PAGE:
Those of us in Southern California, in particular here in Los Angeles are familiar with the superannuated ha-ha that we’re living in a land of unreality. Well, we’re barely keeping up at the moment. From government actors to media performers to the landscape of pure fantasy, Washington D.C. is a land of, and producer of illusoriness those of us here must concede has stolen our artificial thunder.
As one with a deep and abiding skepticism of the virtues of what passes for reality ordinarily, I like to know where reality is on a fairly regular basis and stay apprised for my edification before taking necessary measures to avoid it. I have found music, fiction, film and intoxicants, along with an ample surrounding of cartoonish personalities do the trick fine.
The most radical and pervasive unreality in Washington these days is the one that pretends one of our political parties hasn’t devolved into a shrieking caricature of insanity. Were America’s currently constituted conservatism any more conspicuously cuckoo it would be too over-the-top even for idiosyncratic B-film auteur Samuel Fuller’s SHOCK CORRIDOR. When the fundamental grounding of governing reality, a functioning two-party political system has dissolved, nothing is holding it up but scenery chewing and CG. Pretending that more than a small fraction of what the right puts forward as policy, economic theory or justification makes a lick of sense is a thespian’s heavy lifting indeed.
One turns the television on and encounters in the mainstream television press covering politics a fusty and artificial air of seriousness Masterpiece Theater would not deign to promulgate. In one respect at least, here we have eliminated some of our most debilitating anachronisms. Take a look at Meet the Press, or This Week or anything from the best political team in television and one is struck that serious news divisions are stuck in some antiquated studio system with a signed stable of has-beens, dullards and stale factory manufactured scripts.
Why is Peggy Noonan on television? If I want to see Cloris Leachman in Phyllis I’ll watch Cloris Leachman in Phyllis. Transforming some bad Puritan shtick into some saccharine Morning in America shtick for the Gipper no longer is a qualification for airtime. Harold Ford might as well brandish a tape measure on set so determined to find the precise location of the putative center is he. Key to his performances is a convincingly rendered acceptance of premises and assumptions offered by a reliable repertory of ideological fruitcakes in this right tilted theatrical environment.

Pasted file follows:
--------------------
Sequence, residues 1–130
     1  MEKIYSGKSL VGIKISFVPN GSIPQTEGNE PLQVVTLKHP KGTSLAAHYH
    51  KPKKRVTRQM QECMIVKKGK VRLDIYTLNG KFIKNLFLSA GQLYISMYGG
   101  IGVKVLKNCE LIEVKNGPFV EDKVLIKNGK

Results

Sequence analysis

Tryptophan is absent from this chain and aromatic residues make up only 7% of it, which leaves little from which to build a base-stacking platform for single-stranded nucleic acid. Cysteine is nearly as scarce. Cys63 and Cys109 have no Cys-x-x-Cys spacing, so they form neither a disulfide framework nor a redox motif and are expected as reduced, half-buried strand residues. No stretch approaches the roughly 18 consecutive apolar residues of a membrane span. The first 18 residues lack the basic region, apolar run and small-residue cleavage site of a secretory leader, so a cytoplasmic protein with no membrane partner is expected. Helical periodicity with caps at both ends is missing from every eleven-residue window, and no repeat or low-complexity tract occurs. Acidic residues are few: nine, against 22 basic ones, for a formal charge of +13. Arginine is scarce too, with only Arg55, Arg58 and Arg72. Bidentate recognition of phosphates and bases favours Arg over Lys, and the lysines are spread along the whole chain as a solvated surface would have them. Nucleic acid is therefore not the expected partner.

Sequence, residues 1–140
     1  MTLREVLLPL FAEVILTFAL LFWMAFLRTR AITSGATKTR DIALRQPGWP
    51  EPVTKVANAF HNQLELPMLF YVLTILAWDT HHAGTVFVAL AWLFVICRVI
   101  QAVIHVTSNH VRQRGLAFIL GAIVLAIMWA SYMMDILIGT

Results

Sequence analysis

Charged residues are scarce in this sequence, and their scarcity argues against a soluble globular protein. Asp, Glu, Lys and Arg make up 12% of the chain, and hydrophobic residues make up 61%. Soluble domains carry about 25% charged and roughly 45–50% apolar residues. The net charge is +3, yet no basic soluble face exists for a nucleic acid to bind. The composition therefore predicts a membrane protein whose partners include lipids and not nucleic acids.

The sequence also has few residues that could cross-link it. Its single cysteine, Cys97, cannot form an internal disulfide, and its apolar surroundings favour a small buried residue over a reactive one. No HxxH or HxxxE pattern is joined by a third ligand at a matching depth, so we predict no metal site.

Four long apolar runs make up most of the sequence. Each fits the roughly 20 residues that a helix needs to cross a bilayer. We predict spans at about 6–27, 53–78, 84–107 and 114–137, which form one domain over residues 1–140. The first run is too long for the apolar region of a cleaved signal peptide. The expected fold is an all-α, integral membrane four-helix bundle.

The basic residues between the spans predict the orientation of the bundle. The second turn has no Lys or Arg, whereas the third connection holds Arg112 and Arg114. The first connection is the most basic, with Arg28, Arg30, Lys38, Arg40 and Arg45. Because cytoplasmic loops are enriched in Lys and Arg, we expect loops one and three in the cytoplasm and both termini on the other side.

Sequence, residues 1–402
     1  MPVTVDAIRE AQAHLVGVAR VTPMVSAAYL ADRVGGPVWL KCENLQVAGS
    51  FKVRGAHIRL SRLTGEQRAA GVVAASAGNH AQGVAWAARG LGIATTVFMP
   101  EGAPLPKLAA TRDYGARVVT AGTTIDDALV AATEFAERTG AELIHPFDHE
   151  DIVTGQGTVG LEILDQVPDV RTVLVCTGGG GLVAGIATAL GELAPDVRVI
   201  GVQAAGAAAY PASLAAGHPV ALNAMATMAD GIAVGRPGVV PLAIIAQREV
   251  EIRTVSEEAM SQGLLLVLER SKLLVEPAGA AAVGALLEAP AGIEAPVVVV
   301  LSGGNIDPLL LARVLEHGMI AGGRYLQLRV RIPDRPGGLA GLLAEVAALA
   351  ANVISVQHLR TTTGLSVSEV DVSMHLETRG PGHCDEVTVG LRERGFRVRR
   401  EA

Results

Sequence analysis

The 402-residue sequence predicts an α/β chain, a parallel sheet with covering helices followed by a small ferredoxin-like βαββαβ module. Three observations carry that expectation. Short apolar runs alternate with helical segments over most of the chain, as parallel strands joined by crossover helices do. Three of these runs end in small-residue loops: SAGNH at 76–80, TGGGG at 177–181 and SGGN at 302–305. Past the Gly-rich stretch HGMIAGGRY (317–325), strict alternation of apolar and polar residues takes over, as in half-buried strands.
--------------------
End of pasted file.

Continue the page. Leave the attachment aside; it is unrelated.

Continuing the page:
On the other hand, out here we’re stuck with Kenau Reeves and Christian Slater as excuses for actors, and the lucky folks in DC have the master thespian Wolf Blitzer and the Academy Award winning David Gregory. Pretending two sides of a political debate invariably possess the same merit, but partisans just can’t keep themselves from squabbling, silly geese, could only be enduringly performed with more reliability on a daily basis by the leads in Chorus Line or Cats (not Hollywood per se, but it’s the Biz). One can all but see the scenery moving and the backdrop tableau quivering so unreal is the entire production.
For days one has been able to power up the old flat screen and encounter hour upon hour of dramatized discussion of this confabulated entity known as the Super Committee, about which one cannot hope to suspend one’s disbelief in order to momentarily accept it as a genuine governmental entity connected to reality, or other than a campy, fanciful theatrical conceit from its very inception. The stress apparent for all involved of pretending there’s some sort of meaningful dialogue or ultimate contest of ideas at work is palpable, and the resulting creation has the sober veritas of a Farrelly brothers flick.
We are full of ourselves out here in the original La La Land, and a good deal of our day to day interaction admittedly is tinged with a dose of make believe, an insular world of contrived performance, illusion and delusion. But it is nothing compared to the seat of government, including its media culture, which is a relentless choreographing of pretend reality, where well-paid pros contrive a daily portrait of a fictionalized country, the real one nothing like it, united in name only, a body politic subordinated to the dictates of a powerful political-economic movement proudly unmoored from any foundation of accepted fact or body of accumulated knowledge, a vicious sectarian civil war all but irreconcilable.
The drama of a vibrant democracy yet to be undone by an influential segments’ rejection of rationality, a meretricious media and de-facto oligarchy is a good show, but coming from the wrong place.